We also see that religion has often stood violently in the way of philosophy and science, burned a Giordano Bruno, imprisoned a Galileo, and so generally acted in this matter that philosophy and science had in self-defence to turn upon Religion and rend her to pieces in order to get a free field for their legitimate development; and this because men in the passion and darkness of their vital nature had chosen to think that religion was bound up with certain fixed intellectual conceptions about God and the world which could not stand scrutiny, and therefore scrutiny had to be put down by fire and sword; scientific and philosophical truth had to be denied in order that religious error might survive.

Another shortcoming of religion is that a narrow religious spirit often oppresses and impoverishes the joy and beauty of life, either from an intolerant asceticism or, as the Puritans attempted it, because they could not see that religious austerity is not the whole of religion, though it may be an important side of it, is not the sole ethico-religious approach to God, since love, charity, gentleness, tolerance, kindliness are also and even more divine, and they forgot or never knew that God is love and beauty as well as purity.

In the field of politics too religion has often thrown itself on the side of power and resisted the coming of larger political ideals, because it was itself, in the form of a Church, supported by power and because it confused religion with the Church, or because it stood for a false theocracy, forgetting that true theocracy is the kingdom of God in man and not the kingdom of a Pope, a priesthood or a sacerdotal class.

Similarly religion has often supported a rigid and outworn social system, because it thought its own life bound up with social forms with which it happened to have been associated during a long portion of its own history and erroneously concluded that even a necessary change there would be a violation of religion and a danger to its existence. As if so mighty and inward a power as the religious spirit in man could be destroyed by anything so small as the change of a social form or so outward as a social readjustment! This error in its many shapes has been the great weakness of religion as practiced in the past and the opportunity and justification for the revolt of the intelligence, the aesthetic sense, the social and political idealism, even the ethical spirit of the human being against what should have been its own highest tendency and law.

These are the limitations of religion and we must become aware of it.

The solution

Where then is the solution? The solution lies in not in getting rid of religion but in the words of Dr Abdul Kalam in graduating from religion to spirituality. This is beautifully illustrated in the following passage from Sri Aurobindo: “India can best develop herself and serve humanity by being herself and following the law of her own nature. This does not mean, as some narrowly and blindly suppose, the rejection of everything new that comes to us in the stream of Time or happens to have been first developed or powerfully expressed by the West. Such an attitude would be intellectually absurd, physically impossible, and above all unspiritual; true spirituality rejects no new light, no added means, or materials of our human self-development. It means simply to keep our centre, our essential way of being, our inborn nature and assimilate to it all we receive, and evolve out of it all we do and create. Religion has been a central preoccupation of the Indian mind; some have told us that too much religion ruined India, precisely because we made the whole of life religion or religion the whole of life, we have failed in life and gone under. I will not answer, adopting the language used by the poet in a slightly different connection, that our fall does not matter and that the dust in which India lies is sacred. The fall, the failure does matter, and to lie in the dust is no sound position for man or nation. But the reason assigned is not the true one. If the majority of Indians had indeed made the whole of their lives religion in the true sense of the word, we should not be where we are now; it was because their public life became most irreligious, egoistic, self-seeking, materialistic that they fell. It is possible, that on one side we deviated too much into an excessive religiosity, that is to say, an excessive externalism of ceremony, rule, routine, mechanical worship, on the other into a too world-shunning asceticism which drew away the best minds who were thus lost to society instead of standing like the ancient Rishis as its spiritual support and its illuminating life-givers. But the root of the matter was the dwindling of the spiritual impulse in its generality and broadness, the decline of intellectual activity and freedom, the waning of great ideals, the loss of the gust of life.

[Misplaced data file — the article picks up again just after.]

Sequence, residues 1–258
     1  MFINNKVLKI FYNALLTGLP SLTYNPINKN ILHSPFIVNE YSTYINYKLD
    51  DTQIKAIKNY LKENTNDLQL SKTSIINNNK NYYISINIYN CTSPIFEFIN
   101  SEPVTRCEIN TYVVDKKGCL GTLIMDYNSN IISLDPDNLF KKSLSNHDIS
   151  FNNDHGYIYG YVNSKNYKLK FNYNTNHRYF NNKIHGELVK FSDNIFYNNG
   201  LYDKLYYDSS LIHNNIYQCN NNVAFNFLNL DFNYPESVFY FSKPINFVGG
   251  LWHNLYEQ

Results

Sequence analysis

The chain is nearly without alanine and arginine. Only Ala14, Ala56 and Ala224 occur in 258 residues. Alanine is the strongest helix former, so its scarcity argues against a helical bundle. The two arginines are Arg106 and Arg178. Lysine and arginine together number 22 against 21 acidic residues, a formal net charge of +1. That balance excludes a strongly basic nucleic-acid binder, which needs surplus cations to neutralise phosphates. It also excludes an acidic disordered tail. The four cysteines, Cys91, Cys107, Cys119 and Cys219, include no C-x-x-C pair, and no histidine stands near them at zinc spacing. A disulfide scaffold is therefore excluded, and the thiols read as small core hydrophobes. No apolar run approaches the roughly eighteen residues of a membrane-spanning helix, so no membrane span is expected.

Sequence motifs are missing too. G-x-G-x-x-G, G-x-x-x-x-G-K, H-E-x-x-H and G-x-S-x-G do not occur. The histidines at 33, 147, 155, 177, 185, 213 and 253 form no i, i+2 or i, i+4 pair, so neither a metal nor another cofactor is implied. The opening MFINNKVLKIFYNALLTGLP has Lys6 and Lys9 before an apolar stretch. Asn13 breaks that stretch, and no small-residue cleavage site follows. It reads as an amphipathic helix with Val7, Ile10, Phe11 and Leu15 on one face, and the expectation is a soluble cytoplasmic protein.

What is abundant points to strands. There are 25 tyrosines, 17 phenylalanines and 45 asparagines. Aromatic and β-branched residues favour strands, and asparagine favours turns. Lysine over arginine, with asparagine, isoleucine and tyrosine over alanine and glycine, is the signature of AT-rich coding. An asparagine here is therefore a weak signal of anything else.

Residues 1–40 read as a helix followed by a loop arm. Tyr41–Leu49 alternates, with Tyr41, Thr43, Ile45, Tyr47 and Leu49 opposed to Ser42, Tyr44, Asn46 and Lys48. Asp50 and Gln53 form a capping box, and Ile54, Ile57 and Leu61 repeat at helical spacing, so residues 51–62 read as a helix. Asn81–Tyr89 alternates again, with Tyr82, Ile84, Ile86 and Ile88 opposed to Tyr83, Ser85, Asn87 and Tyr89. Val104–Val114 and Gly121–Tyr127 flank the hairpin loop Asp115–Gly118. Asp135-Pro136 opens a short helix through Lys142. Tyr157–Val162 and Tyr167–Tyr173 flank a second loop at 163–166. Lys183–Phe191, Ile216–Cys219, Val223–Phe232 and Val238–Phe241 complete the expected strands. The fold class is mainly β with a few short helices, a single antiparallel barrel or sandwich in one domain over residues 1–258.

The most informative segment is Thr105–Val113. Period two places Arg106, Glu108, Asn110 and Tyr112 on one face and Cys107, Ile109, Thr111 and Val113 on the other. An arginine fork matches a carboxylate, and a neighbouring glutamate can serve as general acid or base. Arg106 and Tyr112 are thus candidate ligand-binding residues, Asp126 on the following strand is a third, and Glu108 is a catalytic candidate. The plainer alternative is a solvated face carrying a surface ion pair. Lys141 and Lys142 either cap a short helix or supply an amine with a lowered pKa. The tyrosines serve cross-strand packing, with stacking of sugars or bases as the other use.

Perhaps there was too much religion in one sense; the word is English, smacks too much of things external such as creeds, rites, an external piety; there is no one Indian equivalent. But if we give rather to religion the sense of the following of the spiritual impulse in its fullness and define spirituality as the attempt to know and live in the highest self, the divine, the all-embracing unity and to raise life in all its parts to the divinest possible values, then it is evident that there was not too much of religion, but rather too little of it—and in what there was, a too one-sided and therefore an insufficiently ample tendency. The right remedy is, not to belittle still farther the age long ideal of India, but to return to its old amplitude and give it a still wider scope, to make in very truth all the life of the nation a religion in this high spiritual sense. This is the direction in which the philosophy, poetry, art of the West is, still more or less obscurely, but with an increasing light, beginning to turn, and even some faint glints of the truth are beginning now to fall across political and sociological ideals. India has the key to the knowledge and conscious application of the ideal; what was dark to her before in its application, she can now, with a new light, illumine; what was wrong and wry in her old methods she can now rectify; the fences which she created to protect the outer growth of the spiritual ideal and which afterwards became barriers to its expansion and farther application, she can now break down and give her spirit a freer field and an ampler flight: she can, if she will, give a new and decisive turn to the problems over which all mankind is labouring and stumbling, for the clue to their solutions is there in her ancient knowledge. Whether she will rise or not to the height of her opportunity in the renaissance, which is coming upon her, is the question of her destiny”.